Iconic books are texts revered as objects of power rather than just as words of instruction, information, or insight. In religious and secular rituals around the globe, people carry, show, wave, touch and kiss books and other texts, as well as read them. This blog chronicles such events and activities. (For more about iconic books, see the links to the Iconic Books Project at left.)

Tuesday, May 27, 2008

Museum of Scribes in Safed

A new museum will open this summer in Safed, Israel. Kiryat Hasofrim "Palace of the scribes" is intended, according to Chabad.org News,
to educate visitors about the Jewish scribal arts. Some 30 scribes will produce Torah scrolls, mezuzahs and tefillin in a factory on the premises.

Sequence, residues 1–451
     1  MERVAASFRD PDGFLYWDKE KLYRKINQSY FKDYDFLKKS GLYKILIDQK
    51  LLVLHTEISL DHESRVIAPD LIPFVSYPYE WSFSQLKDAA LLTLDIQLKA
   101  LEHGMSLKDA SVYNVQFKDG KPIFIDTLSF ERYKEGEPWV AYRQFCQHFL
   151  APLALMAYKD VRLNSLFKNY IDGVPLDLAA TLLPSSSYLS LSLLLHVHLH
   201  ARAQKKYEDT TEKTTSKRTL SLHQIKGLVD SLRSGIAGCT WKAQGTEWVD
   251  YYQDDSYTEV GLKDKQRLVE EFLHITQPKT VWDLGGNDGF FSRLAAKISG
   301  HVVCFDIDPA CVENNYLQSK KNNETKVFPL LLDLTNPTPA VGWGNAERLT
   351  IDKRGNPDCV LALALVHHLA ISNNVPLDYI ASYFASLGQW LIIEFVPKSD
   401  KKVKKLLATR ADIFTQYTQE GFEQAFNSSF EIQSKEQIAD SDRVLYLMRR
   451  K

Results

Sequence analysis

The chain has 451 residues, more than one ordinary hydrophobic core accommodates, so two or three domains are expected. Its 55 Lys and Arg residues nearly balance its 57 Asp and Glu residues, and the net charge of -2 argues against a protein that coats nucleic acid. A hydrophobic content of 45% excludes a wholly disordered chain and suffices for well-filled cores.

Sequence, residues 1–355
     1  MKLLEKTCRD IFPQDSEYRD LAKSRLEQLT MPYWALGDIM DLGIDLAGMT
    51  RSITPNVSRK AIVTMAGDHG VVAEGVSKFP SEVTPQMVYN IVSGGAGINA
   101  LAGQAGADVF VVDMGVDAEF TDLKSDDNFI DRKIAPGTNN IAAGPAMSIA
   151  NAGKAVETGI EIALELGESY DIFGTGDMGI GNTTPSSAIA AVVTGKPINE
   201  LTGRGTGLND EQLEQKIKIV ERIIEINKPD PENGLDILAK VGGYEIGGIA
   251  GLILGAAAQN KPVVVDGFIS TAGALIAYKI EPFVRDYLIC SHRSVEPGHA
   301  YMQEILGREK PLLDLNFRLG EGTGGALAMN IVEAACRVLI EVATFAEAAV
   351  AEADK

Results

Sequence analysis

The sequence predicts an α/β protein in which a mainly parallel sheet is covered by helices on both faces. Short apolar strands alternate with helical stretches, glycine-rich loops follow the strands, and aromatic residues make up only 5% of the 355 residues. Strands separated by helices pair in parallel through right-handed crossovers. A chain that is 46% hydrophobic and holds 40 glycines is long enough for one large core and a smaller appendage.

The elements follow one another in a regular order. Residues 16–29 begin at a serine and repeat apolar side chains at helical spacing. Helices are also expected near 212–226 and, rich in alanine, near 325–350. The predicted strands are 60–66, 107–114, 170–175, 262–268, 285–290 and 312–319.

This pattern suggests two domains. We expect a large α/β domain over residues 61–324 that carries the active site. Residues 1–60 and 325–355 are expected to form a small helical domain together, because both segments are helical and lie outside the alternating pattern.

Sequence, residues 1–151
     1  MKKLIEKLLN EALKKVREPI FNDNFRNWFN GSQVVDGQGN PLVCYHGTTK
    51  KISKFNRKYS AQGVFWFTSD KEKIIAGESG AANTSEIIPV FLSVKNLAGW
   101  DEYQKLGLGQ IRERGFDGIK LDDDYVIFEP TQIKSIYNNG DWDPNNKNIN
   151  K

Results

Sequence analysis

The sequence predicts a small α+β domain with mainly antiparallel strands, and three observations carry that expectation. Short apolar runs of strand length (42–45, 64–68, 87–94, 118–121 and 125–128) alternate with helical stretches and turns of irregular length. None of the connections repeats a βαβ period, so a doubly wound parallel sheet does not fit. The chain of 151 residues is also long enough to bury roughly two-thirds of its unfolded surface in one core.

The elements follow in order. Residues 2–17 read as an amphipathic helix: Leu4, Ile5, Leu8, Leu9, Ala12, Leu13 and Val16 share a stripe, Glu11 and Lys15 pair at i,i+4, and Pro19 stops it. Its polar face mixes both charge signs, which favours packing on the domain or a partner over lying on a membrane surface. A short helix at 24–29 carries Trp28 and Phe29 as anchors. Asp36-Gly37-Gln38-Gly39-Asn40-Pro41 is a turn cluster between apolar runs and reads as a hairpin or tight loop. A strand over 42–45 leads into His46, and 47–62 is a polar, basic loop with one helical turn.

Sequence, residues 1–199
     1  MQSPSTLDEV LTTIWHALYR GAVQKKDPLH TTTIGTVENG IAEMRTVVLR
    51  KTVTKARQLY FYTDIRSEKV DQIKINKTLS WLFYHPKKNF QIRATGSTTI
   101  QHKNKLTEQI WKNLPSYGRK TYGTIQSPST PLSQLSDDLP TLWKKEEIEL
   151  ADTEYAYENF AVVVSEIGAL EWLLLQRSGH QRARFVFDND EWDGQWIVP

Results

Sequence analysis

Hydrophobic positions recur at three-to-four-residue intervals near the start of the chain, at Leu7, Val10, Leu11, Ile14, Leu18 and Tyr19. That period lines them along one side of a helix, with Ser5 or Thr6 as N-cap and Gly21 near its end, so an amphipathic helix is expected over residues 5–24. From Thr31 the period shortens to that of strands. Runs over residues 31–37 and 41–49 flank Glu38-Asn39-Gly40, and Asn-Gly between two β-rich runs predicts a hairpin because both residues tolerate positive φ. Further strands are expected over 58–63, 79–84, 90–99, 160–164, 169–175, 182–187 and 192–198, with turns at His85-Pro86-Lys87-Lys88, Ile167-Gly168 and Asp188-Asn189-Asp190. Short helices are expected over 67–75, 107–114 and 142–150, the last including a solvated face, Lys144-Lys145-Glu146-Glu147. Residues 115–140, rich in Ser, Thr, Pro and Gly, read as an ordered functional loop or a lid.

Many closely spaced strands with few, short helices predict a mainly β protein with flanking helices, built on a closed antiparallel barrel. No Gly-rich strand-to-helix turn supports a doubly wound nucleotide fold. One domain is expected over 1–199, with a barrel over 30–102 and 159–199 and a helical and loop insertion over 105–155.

... The centerpiece of the visitors center – aptly named Letters of Experience – will be a three-roomed exhibit that will take tourists on a whirlwind tour of the scribal arts, beginning with G-d’s creation of the world through the power of speech.

A movie will explain the spiritual significance and history of each of the Hebrew alphabet’s 22 letters, while a three-dimensional show will illustrate how animal hides and plants become the various parchments, boxes and inks used in the preparation of mezuzahs, tefillin and Torah scrolls.

“The idea that physical things can attain holiness is a central concept in Judaism,” explained Kaplan. “The exhibit will show how we take the world around us and make it holy.”
... The factory operations will be decidedly technologically-based, as well, with supervisors scanning every parchment and entering it into a computerized database, providing a quality-control mechanism previously unknown to the scribal community.

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